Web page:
Wisconsin Gov. Scott Walker is asking a judge to delay the date by which he must call special elections for two vacant legislative seats while legislators try to change the state law governing those elections.
The state Senate and Assembly both plan to meet in extraordinary session on April 4 to pass a bill that would remove a requirement under state statute that special elections be called "as promptly as possible" following a vacancy.
Dane County Circuit Judge Josann Reynolds ruled last week that Walker must call two special elections by March 29. The elections could be held as late as May, and the seats would be back on the ballot in November. In a motion filed by the state Department of Justice on Monday night, Walker asked Reynolds to move the deadline to April 6.
Seats in the state's 1st Senate District and 42nd Assembly District were vacated in late December when Walker appointed Sen. Frank Lasee, R-De Pere, and Rep. Keith Ripp, R-Lodi, to administrative positions.
Walker refused to call special elections for the two seats, arguing it made sense to leave them open until the regularly scheduled Nov. 6 elections. Plaintiffs in a lawsuit filed by former U.S. Attorney General Eric Holder's National Democratic Redistricting Committee argued they do not have representatives voting on several key issues in the Legislature.
The complaint cited this statutory requirement, which Republican legislative leaders are now seeking to change: "Any vacancy in the office of state senator or representative to the assembly occurring before the 2nd Tuesday in May in the year in which a regular election is held to fill that seat shall be filled as promptly as possible by special election."
The bill, up for a hearing on Wednesday, would prevent a special election from occurring after the state's spring election in even-numbered years. It would also prohibit a governor from scheduling a special election any sooner than four months after a seat opens — effectively ensuring that a legislative vacancy occurring in December of an odd-numbered year would not be filled until November of the following year.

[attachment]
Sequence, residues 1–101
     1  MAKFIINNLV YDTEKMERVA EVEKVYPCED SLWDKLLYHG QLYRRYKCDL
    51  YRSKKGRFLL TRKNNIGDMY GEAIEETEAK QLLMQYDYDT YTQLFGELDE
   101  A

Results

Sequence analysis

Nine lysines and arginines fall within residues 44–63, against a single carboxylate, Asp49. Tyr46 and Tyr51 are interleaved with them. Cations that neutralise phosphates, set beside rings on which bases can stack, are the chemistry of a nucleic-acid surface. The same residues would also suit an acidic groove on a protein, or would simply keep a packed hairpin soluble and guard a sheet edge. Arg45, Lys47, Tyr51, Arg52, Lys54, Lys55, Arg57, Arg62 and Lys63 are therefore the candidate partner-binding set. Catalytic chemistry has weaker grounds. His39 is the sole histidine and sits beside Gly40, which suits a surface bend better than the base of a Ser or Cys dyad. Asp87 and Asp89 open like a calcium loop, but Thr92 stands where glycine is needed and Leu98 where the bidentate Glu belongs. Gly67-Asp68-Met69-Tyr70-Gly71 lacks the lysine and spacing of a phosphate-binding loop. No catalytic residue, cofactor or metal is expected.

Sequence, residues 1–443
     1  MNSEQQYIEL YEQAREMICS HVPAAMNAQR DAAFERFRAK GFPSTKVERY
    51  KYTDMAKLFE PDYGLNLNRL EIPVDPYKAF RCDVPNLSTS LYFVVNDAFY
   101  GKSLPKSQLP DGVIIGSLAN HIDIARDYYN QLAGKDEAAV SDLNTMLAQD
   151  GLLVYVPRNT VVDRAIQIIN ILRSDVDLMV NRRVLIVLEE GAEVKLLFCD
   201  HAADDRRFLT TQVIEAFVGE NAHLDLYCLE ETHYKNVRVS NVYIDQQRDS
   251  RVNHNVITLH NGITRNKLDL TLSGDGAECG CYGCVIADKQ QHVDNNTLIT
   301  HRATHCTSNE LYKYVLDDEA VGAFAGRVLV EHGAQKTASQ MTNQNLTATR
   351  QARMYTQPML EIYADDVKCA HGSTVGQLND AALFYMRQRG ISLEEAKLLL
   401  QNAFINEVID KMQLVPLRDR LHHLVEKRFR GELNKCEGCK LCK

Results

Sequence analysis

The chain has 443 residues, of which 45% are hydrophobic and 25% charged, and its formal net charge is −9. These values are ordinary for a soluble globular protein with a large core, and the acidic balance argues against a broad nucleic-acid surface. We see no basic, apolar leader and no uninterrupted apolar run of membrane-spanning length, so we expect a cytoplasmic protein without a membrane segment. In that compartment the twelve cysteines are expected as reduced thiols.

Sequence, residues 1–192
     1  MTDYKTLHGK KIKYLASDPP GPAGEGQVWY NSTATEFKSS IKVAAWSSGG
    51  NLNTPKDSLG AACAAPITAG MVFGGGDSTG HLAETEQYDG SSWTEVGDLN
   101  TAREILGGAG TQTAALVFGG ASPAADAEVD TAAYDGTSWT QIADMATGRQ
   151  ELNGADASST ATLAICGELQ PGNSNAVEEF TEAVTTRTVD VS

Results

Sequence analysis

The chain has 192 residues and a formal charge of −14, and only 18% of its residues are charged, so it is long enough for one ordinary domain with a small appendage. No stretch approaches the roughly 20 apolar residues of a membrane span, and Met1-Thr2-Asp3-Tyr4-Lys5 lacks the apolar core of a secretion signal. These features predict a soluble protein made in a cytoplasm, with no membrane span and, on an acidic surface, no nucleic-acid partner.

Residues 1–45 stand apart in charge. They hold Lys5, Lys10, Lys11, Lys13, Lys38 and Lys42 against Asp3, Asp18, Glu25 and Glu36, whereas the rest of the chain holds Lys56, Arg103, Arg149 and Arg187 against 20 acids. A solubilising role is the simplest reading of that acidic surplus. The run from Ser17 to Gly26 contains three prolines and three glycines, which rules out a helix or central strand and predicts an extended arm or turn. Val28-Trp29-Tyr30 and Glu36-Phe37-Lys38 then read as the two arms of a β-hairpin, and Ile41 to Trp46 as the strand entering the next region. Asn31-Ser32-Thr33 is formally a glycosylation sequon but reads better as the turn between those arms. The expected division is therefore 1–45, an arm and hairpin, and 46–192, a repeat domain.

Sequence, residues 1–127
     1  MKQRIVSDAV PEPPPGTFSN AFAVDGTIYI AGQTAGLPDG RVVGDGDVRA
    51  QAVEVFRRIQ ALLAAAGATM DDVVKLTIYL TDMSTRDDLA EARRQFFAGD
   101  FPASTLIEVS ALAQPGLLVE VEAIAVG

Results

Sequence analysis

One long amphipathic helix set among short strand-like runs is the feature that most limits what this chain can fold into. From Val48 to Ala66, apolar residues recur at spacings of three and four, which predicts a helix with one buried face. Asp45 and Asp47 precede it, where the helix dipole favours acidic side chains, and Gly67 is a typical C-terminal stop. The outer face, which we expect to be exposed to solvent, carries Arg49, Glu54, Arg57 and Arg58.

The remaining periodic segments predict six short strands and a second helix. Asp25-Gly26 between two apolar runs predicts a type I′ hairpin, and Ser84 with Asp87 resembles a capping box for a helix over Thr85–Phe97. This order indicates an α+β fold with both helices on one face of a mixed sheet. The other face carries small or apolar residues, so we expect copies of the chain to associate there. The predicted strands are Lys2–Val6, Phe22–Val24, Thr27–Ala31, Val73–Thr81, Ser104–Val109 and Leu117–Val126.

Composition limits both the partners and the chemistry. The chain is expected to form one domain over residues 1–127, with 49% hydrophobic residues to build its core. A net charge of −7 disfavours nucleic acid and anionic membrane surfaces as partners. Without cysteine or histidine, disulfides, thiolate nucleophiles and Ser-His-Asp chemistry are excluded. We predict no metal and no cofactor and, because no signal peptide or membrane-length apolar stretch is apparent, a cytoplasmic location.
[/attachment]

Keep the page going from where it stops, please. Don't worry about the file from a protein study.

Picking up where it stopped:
It would apply retroactively to the two seats in question under Reynolds' ruling.
Senate Majority Leader Scott Fitzgerald, R-Juneau, told reporters last week that Reynolds' ruling would result in "chaos" in the two districts as they would hold several sets of elections in a condensed time period.
Fitzgerald said in a statement on Monday that he is "open to discussion on how much discretion a Governor should have and how much time should be allotted to call a special election." He said he would consider legislation introduced by Senate Minority Leader Jennifer Shilling, D-La Crosse, proposed earlier this year that would change the timeline of the governor's statutory requirement to call a special election from "as promptly as possible" to within 60 days of the seat opening.
In a statement, Shilling called the efforts to block the two special elections "the height of corruption."
"Gov. Walker and legislative Republicans are so desperate to maintain their grip on power that they are changing laws to silence voters," Shilling said.
In the motion filed on Monday, Attorney General Brad Schimel argued the judge should grant the extension to prevent "needless voter confusion."
If the legislation is not passed, Schimel said, Walker plans to hold the special elections on June 12. If a primary is required, it would be held on May 15.
A hearing on the motion is scheduled for Tuesday at 3:30 p.m.